On the day a meeting between striking university lecturers, ASUU, and the federal government deadlocked, the education minister said the strike may be called off within one week.
The minister, Adamu Adamu, stated this at a meeting with the Senate Committee on Tertiary Institutions and TETFund in Abuja.
He said that the ministry and other major stakeholders were already holding meetings with the union to resolve some of the issues that led to the strike.
Mr. Adamu’s meeting is believed to have held just before the meeting between the government delegation, led by labour minister Chris Ngige and ASUU.
The lecturers had said after their meeting with the government delegation that they would get back to the government next week.
On Thursday, the education minister assured that with the level of progress made in the negotiation, there was hope that students and lecturers would return to classes within one week.
“The issue of renegotiation is already going on. I have already written a letter formalising the meeting I had with the union, because I went alone to face them and I wrote a letter which I gave them yesterday.
“From the way they received it, I think it is possible that the strike will be called off within a week, maximum,’’ he said.
Mr. Adamu, said while explaining reasons for the strike, said ASUU accused the federal government of failing to keep its side of the agreement.
He assured that the Ministry of Finance had agreed to do the needful with regard to releasing funds as soon as possible.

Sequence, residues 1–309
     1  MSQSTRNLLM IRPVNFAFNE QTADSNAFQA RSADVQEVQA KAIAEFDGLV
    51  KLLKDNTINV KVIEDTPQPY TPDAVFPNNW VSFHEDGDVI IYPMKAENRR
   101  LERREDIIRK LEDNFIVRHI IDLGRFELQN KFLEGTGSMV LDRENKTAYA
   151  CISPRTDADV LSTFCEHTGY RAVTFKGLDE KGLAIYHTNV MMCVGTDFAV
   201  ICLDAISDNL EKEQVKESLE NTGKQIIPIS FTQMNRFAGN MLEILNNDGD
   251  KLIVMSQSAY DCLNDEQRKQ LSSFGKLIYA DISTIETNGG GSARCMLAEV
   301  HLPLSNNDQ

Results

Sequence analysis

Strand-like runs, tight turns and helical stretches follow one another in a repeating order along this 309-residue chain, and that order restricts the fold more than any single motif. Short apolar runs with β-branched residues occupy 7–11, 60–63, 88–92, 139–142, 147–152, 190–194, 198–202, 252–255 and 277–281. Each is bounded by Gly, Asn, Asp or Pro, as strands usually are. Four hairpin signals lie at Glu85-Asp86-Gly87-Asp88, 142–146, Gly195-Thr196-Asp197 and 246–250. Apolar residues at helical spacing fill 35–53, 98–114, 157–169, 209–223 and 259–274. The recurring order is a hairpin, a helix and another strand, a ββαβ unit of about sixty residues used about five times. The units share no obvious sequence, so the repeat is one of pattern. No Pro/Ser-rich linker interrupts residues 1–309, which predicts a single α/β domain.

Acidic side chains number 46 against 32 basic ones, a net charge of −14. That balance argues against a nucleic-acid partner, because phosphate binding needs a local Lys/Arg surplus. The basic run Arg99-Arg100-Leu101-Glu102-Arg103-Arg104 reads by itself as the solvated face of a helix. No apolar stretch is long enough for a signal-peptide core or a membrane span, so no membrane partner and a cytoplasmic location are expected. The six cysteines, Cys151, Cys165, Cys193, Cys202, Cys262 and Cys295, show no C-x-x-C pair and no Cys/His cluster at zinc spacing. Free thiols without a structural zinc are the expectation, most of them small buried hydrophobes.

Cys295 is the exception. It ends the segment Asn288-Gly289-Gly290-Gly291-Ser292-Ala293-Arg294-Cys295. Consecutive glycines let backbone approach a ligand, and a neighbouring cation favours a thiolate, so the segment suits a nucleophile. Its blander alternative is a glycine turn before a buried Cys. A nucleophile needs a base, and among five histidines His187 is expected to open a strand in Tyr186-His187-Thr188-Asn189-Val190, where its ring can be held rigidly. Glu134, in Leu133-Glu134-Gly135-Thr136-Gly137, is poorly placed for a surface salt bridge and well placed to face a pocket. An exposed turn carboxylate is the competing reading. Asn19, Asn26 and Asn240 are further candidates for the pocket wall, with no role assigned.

“The union had asked for N23 billion to be paid.
“We said the condition for that N23 billion to be released was for them to account for the N30 billion they had taken which is a total of N53 billion and they were not able to account for it.
“The Minister of Finance then undertook to do the audit from the ministry and we agreed that the result will be known within six months.
“The federal government undertook to be paying them N1.5 billion each month during the time they are waiting for the outcome of the audit.
“Their grouse now is that the forensic audit promised by the minister of finance has not been done and the money promised has not been paid.
“So, at our meeting two days ago, we agreed that we will pay them and do forensic audit on the entire N53 billion.
“I wrote to the minister and she has already approved it and this money will be paid; probably on Monday, they will be able to receive the cheque,’’ he said.
Mr. Adamu, however, stated that his ministry did not agree on some issues during the meeting with the union.
He said, “there are other issues which we did not agree on and that is their request to be taken out of Treasury Single Account (TSA).
“I told them that it is not possible because this is a new policy and government is not going to change it for anyone.
“Concerning their salary shortfall, we said a lot of the reasons spring from what they are doing wrong.
“They do a lot of employment without proper authority.
“For instance, a university can decide to recruit 50 people and IPPIS is not aware. So, we insisted that institutions must stop doing that and they accepted.
“There is also the issue of the registration of their pension commission. I think they have one or two issues to iron out with PENCOM and I believe they will also be able to solve the problem within a week.’’
The Chairman of the senate committee, Barau Jibrin, said the committee was impressed with the briefing by the minister on the matter.
He explained that the seriousness of the issue made the committee members to cut short their recess, and said that from the assurance given by the minister, students and lecturers would return to school shortly.
Mr. Jibrin said, “we hope the proposal sent to ASUU by the minister will be accepted.
“On our part, with regard to getting some of the issues captured in the budget, we will do our best to actualise it.’’